The Telegraph
Thursday , October 4 , 2012
Since 1st March, 1999
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TV transition caught in digitisation circus

A deadline many cable operators don’t care about but are happy to exploit has turned the transition from analogue to digital cable television into a farce with a potentially unhappy ending for the subscriber.

Saswati Basu of Lake Town was recently charged Rs 1,000 for a set-top box, Rs 300 more than what her next-door neighbour paid a few months ago for one of the same make. Her cable operator told her the price had increased because of “high demand” and that she should brace for a two-fold increase in subscriber fees from November 1.

“It’s all working out to the cable operator’s advantage. The October 31 deadline is looming but unlikely to be met, set-top boxes are in short supply and there is confusion over the pricing policy for digital feed. The situation is ripe for exploitation and some are cashing in,” said an official of a multi-system operator.

Most MSOs have been supplying standard digital set-top-boxes to their franchisees for Rs 799 each and subscribers are supposed to pay not a rupee more. But in some parts of Calcutta, cable operators are demanding — and getting — Rs 1,600 for a box.

“The cable operators are a law unto themselves. They don’t listen to us, they don’t listen to the government,” said Sudip Ghosh of Manthan Broadband, one of the MSOs with a large presence in the east.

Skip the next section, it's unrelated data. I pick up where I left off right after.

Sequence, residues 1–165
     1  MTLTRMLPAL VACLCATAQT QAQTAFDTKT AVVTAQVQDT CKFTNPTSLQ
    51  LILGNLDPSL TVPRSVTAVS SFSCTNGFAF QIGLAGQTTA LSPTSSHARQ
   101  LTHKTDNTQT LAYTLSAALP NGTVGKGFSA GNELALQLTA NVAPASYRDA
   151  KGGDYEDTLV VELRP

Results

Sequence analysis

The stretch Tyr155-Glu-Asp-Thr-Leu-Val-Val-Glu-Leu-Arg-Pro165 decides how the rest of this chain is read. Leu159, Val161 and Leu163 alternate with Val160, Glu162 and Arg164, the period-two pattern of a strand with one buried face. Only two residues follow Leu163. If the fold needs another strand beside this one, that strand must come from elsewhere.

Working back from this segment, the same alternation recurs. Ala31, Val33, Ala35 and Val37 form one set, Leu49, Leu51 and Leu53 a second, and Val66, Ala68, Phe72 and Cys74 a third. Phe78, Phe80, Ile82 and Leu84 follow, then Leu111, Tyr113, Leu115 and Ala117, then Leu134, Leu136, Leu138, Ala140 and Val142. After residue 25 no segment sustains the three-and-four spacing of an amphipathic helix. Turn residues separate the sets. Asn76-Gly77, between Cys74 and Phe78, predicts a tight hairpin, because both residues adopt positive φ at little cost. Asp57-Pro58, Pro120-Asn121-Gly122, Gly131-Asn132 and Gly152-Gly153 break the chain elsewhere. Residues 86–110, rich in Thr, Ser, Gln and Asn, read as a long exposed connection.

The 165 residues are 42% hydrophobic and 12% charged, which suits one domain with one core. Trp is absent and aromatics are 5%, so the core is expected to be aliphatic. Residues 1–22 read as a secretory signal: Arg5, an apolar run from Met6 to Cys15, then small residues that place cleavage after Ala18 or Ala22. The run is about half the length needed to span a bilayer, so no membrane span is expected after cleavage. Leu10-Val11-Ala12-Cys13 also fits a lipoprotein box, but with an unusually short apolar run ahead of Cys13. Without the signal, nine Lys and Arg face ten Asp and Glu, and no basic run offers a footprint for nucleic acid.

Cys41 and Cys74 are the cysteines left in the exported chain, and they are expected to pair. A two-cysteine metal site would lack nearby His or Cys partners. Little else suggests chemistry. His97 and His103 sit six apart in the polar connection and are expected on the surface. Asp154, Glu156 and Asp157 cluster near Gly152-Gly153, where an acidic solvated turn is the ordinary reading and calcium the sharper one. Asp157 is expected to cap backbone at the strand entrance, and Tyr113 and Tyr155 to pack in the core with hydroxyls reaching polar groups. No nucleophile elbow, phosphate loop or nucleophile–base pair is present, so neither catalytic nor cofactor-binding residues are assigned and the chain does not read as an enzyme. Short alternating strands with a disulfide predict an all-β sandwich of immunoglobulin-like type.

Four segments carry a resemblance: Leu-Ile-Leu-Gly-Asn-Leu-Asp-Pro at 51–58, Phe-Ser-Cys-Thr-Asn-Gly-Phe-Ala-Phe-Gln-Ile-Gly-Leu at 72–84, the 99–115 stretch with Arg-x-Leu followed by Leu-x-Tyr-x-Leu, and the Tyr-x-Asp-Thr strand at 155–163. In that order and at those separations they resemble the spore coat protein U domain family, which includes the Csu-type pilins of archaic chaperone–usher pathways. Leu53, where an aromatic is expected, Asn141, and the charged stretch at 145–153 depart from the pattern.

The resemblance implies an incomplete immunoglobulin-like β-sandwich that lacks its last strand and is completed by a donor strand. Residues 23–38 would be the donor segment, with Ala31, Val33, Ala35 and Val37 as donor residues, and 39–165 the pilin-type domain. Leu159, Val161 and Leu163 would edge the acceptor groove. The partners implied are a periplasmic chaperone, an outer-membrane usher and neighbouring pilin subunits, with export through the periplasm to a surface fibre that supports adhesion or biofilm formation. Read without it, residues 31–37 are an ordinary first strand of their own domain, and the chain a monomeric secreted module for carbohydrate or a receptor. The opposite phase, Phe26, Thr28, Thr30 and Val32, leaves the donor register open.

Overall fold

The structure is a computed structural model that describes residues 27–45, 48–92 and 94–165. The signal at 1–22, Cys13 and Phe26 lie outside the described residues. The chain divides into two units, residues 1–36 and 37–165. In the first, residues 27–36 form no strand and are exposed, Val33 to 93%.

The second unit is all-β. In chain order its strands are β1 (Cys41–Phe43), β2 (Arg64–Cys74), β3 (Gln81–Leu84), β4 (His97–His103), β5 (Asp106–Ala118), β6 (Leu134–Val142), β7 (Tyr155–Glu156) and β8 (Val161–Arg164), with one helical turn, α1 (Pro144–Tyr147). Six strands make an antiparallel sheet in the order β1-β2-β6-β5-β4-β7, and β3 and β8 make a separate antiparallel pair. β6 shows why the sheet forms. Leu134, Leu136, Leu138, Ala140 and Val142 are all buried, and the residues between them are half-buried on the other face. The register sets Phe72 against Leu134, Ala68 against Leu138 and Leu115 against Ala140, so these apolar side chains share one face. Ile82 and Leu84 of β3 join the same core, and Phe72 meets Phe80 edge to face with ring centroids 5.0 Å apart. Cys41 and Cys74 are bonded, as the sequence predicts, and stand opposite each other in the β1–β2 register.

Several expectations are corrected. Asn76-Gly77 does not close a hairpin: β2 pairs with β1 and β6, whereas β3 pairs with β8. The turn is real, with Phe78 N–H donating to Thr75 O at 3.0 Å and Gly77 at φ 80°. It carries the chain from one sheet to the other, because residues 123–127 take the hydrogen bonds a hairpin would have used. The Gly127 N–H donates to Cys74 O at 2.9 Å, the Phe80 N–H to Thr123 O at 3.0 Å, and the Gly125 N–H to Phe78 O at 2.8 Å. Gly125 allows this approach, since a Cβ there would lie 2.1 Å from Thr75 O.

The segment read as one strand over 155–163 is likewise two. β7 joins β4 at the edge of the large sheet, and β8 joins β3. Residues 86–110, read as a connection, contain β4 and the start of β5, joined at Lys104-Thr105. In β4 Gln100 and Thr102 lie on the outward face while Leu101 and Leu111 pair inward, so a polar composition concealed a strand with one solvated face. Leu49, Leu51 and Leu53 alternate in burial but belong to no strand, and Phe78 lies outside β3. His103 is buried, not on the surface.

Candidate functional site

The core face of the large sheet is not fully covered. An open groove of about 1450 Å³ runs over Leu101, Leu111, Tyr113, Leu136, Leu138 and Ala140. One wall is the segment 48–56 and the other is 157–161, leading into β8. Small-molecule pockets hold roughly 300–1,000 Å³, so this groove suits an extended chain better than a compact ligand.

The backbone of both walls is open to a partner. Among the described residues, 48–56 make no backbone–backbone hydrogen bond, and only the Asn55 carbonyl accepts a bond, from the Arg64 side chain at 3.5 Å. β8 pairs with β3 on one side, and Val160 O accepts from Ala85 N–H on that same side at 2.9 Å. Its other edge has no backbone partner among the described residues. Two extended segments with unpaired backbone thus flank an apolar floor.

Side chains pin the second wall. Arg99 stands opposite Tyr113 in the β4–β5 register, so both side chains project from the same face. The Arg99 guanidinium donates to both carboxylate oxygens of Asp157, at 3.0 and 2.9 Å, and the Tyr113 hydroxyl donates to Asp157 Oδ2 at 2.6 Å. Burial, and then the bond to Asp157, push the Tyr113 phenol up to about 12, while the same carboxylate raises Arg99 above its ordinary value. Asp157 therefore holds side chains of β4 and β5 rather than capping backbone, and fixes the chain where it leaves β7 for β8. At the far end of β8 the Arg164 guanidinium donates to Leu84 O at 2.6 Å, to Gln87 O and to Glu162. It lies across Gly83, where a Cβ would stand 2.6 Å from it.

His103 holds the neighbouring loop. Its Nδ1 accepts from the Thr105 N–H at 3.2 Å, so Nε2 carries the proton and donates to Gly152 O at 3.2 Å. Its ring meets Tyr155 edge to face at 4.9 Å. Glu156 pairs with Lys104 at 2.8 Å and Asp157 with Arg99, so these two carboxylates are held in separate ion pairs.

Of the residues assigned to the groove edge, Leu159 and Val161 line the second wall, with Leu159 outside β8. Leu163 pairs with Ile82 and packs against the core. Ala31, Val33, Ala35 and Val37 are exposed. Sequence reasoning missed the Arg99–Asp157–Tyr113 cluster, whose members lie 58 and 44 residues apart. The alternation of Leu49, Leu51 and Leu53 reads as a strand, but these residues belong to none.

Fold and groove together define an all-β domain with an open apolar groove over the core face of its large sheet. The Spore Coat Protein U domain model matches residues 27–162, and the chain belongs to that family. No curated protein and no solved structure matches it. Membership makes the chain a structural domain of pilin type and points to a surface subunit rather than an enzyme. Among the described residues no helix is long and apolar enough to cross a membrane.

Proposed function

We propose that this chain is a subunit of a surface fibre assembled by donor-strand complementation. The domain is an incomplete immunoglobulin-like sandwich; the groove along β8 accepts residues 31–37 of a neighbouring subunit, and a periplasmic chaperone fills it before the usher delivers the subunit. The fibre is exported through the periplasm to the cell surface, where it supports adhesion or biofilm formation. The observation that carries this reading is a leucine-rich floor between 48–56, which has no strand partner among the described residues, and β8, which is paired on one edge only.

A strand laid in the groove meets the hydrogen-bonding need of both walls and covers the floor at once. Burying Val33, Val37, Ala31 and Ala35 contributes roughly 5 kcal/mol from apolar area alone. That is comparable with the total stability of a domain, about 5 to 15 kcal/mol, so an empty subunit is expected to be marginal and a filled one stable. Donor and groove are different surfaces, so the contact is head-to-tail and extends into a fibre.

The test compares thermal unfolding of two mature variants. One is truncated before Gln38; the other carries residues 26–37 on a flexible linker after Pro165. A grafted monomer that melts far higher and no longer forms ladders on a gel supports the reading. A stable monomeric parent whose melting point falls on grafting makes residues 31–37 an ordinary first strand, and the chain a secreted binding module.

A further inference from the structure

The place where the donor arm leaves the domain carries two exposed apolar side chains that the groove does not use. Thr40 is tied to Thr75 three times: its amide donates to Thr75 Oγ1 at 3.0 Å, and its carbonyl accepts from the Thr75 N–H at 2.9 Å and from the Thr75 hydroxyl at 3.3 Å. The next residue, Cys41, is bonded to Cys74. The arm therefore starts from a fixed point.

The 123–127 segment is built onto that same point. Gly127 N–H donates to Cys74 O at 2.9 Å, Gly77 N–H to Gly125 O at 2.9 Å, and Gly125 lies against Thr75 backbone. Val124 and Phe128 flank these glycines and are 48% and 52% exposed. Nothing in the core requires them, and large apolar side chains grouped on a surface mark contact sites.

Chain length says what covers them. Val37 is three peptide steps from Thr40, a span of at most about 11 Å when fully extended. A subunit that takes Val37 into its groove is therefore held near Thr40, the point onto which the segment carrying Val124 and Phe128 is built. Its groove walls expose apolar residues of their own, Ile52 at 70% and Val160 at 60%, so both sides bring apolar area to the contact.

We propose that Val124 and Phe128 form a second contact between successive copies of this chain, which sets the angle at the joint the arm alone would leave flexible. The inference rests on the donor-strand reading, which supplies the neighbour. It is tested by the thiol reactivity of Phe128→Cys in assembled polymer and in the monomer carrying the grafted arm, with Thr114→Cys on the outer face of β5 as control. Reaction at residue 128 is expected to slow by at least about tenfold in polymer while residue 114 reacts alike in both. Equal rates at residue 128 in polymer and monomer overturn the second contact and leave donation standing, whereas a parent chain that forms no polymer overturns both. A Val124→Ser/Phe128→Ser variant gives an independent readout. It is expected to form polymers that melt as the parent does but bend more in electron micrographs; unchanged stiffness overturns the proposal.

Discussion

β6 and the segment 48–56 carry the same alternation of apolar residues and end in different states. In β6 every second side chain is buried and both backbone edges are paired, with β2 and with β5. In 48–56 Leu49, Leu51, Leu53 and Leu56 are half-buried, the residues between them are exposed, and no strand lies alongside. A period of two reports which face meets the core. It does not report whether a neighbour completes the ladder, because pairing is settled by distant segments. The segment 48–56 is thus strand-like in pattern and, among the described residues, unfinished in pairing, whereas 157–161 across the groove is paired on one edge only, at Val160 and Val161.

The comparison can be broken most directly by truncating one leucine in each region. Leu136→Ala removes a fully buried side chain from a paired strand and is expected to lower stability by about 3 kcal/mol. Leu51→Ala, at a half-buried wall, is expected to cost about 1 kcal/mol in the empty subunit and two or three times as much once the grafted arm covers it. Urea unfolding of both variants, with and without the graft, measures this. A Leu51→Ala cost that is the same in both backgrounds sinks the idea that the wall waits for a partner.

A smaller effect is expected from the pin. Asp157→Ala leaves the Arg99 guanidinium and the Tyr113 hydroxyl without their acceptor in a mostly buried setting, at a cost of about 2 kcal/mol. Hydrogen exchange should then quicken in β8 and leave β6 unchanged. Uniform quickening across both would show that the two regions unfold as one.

It helps those with the biggest stake in undeclared cable connections that the state government is trying to get the digitisation deadline pushed back again.

If Delhi obliges, they can continue to earn from ghost cable connections and not share that money with the MSOs, the broadcasters and the government by way of service tax. The opportunity to overcharge for set-top-boxes and subscriber feed will also remain.

Urban development minister Firhad Hakim said at Writers’ on Wednesday that he had written to information and broadcasting minister Ambika Soni, saying Calcutta couldn’t meet the October 31 deadline because of technical hurdles.

“I met the multi-system operators and cable operators today. Some of them have completed 50 per cent of the transition while others are saying they have done 70 per cent. The remaining analogue connections cannot be converted to digital in such a short time,” Hakim said.

The letter states that the Trinamul government would calculate how long it could take for digitisation to be completed and apprise Delhi about it “after the festive season”.

A senior official in Hakim’s department claimed the government had estimated that at least another year was required for the process.

“As long as we are not ready, we are requesting the Centre to let TVs in Calcutta run on both analogue and digital signals. In any case, the government believes this whole digitisation business is a ploy to help the Koreans (who manufacture set-top boxes) and Americans (which make other digital cable components),” he said.

The information and broadcasting ministry had reported in mid-September that 67 per cent of the digitisation process had been completed in Calcutta. But industry insiders said over 65 per cent of the work was still left.

Mumbai has made some headway since the previous deadline but Delhi and Chennai aren’t likely to do any better than Calcutta in the next 28 days, said industry analyst Mrinal Chatterjee.

According to an estimate, of the 40 lakh cable homes in the city that need to go digital by October 31, only 13 lakh have made the transition so far.